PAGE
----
Kyambo ‘Hip Hop’ Joshua Talks Kanye, Lil Wayne & Hip Hop Since 1978 Pt. 2
In the second installment of BE Next‘s talk with music biz impresario Kyambo “Hip Hop” Joshua he tells how he helped transform Lil Wayne‘s cult following into a pop music phenomenon and he also tell about his latest venture partnering with New York indie label and distribution company Fat Beats.
BE NEXT: It’s funny to hear you talk about your success because you make it all seem so simple and, from the outside looking in, the scale of what you’ve done is so big it doesn’t possibly seem like it could be simple.
HIP HOP: I think it is that simple. Not to say it like that or sound like that, but you have to think—it only happened a couple of times, it’s not like it really happened all the time. So if I were to sit here and act like I can make magic then it would seem like it’s complicated but in reality I don’t make it [the magic], I look at it like I find it. I know what it is. So if I know what it is, I know what I can do to it and I know where it needs to be and if it’s not [something that’s worthwhile] I don’t even deal with it. Somethings are already big and have gotten where they’re supposed to get, so me managing someone for the sake of just saying I manage them doesn’t make sense. Like me saying, “Oh, I manage Akon now,” but what really could I do for him at this point in his career? That’s why I like to say I like to work with artists on the verge.
That brings us to Lil Wayne, a lot of people don’t know how involved you and your team were in helping him take his career to where it is now.
When I was working with Lil Wayne [at first] no one knew I was workin’ with him or that I even knew him. I was working with Wayne before we started managing him when Curren$y was with him so right after Squad Up [his post Hot Boyz group]. I knew him before Tha Carter I met him through his manager Larry Johnson from the Kansas City Chiefs.
At that point in his career only if you had your ear to the streets would you know that he had the potential to be what he is today, what did you see in Wayne that made you want to work with him?
It was my goddaughter—it sounds strange but she loves him. She was obsessed with him when he didn’t even have his own posters, when she had to cut him out of Hot Boyz posters and even still she managed to fill a whole room up with [makeshift] Wayne posters. To this day Lil Wayne is still her favorite person in the world and I knew that back then and it puzzled me, I didn’t understand why. So I kind of just left it alone and then like five years later there was a another younger kid that I knew that would always say his rhymes like, “Yellow Lamborghini, yellow Lamborghini” so I knew two people that were younger than me that were in love with him—a girl and a guy. And it was like love like “that’s my favorite, nobody’s better,” and I’m like, “For real?” So once I started to like him as fan I knew it was complete when I heard him and was like, “Wow!” That was the point where I was like, “This is something here” but there was still something beyond that. I knew there were beats he never rapped on, places he never went and people he never even thought of working with so I knew there that there were a lot of things that he hadn’t done and didn’t know about. He was like innocent and naïve like 10 years deep into his career. When I met him he hadn’t even been out of the country.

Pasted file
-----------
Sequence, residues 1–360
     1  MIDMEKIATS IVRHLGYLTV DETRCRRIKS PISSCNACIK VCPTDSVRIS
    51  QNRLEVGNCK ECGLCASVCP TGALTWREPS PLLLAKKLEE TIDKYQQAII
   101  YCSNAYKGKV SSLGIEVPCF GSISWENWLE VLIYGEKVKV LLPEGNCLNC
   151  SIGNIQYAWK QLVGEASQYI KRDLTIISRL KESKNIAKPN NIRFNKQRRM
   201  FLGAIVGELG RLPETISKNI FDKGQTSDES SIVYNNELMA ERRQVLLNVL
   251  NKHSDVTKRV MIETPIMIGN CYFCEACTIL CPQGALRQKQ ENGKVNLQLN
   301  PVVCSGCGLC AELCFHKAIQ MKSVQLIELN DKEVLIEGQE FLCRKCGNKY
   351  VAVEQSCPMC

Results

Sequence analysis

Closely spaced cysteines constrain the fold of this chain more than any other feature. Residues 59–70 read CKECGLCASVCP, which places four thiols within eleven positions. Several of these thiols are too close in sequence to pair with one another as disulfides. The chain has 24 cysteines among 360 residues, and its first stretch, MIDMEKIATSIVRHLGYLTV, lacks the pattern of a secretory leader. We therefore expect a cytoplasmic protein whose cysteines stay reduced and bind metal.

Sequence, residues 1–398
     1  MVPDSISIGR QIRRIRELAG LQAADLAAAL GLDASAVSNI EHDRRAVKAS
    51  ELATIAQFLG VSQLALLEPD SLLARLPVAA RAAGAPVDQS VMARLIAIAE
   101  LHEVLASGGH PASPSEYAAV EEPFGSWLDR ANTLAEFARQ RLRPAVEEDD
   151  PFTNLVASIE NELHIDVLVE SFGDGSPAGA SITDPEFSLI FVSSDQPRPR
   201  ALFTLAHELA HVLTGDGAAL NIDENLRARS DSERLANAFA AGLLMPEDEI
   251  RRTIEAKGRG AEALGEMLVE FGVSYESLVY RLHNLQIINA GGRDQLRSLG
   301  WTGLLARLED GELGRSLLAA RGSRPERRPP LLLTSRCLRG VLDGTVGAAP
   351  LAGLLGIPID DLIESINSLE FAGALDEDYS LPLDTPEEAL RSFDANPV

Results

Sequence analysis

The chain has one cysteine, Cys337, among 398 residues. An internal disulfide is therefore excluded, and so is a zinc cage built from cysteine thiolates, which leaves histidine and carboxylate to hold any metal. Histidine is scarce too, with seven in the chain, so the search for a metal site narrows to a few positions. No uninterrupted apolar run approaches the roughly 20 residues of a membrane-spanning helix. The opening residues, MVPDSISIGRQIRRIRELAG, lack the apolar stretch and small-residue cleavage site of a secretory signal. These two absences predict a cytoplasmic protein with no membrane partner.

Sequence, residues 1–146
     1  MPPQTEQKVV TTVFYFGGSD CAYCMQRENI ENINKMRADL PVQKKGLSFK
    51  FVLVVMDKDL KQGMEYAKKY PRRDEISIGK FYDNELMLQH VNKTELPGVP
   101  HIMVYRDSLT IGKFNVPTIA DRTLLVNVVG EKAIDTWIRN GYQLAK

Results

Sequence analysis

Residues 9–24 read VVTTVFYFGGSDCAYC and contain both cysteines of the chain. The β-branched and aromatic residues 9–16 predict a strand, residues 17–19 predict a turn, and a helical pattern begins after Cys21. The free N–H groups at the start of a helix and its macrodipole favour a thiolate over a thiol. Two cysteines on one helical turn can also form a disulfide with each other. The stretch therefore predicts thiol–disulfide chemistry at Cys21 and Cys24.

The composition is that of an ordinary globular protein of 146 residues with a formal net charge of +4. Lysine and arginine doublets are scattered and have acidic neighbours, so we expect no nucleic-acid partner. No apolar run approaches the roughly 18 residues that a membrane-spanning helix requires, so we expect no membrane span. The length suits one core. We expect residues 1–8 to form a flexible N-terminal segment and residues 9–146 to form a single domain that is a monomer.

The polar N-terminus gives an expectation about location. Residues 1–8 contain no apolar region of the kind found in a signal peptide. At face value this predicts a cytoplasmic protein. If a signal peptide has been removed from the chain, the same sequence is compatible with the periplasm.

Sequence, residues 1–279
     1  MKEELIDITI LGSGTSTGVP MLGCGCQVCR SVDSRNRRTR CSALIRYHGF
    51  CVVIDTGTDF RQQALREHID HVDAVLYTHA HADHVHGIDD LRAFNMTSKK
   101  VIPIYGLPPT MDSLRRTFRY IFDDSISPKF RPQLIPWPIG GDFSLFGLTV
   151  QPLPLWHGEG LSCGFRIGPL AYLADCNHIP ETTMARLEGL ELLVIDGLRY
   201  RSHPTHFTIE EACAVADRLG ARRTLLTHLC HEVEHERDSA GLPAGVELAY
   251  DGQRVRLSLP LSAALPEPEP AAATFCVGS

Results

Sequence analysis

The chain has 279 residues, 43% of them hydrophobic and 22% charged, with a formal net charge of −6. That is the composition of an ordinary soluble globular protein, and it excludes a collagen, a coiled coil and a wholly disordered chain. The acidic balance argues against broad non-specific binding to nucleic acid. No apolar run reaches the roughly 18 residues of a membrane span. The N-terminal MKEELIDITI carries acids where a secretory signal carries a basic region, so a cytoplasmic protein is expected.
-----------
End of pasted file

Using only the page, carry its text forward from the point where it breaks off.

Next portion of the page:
That’s crazy because he was already a platinum artist.
I knew the success he had and I already knew what he didn’t have. I knew if he mixed in his cult following with new listeners who hadn’t been paying attention he’d be big and I left my job at Atlantic [as SVP of A&R for Urban music] to do that because they didn’t want me to manage artists.
I get the sense that you feel like you’ve done a lot with the artists you have now and that you’re looking for new challenges, tell me about some of your new endeavors.
I’ve partnered with Fat Beats (a New York City based independent record label and distributor). So I’m partnered with them trying to enhance what it already is. I want Fat Beats to have a radio station I want them to do all hip-hop distribution, stuff that’s hip-hop from it’s core but not hip-hop as a part of something else.
Hip-hop is a part of the mainstream to where there is nothing that is solely and purely hip-hop. If I look at ESPN it’s just sports but hip-hop doesn’t have that. When hip-hop is mainstream all you get is whatever mainstream hip-hop is.
I see what you’re saying, you don’t get the variety anymore you just get the popular mainstream hip-hop but not all of the other stuff.
Exactly. A record label pushes it, radio stations play it and then stores sell it and that’s why things are getting so homogenized. I love Fat Beats as brand and I used to go to the store all the time, it’s a distribution company, retail and it does all these different things mainly for hip-hop but they didn’t venture into the mainstream records or the regional records and they just did more underground stuff. Right now we’re dealing with a real bottleneck situation as far as what the majors are willing to put out.
That’s why there’s a white space where artists will be more open to indie deals.
Now on the distribution side we’re gonna change that and distribute more genres, regional records and all of that. My thing is once those artist start to build their buzz through, Twitter, Tumblr, live shows or regional radio I want to deal with those artists early and be able to put their record out and help them build that first initial independent buzz whether it’s a White rapper, a Catholic, a gay rapper, a n—ga from the south or Midwest I want it to be broad on that level because hip-hop is forever changing.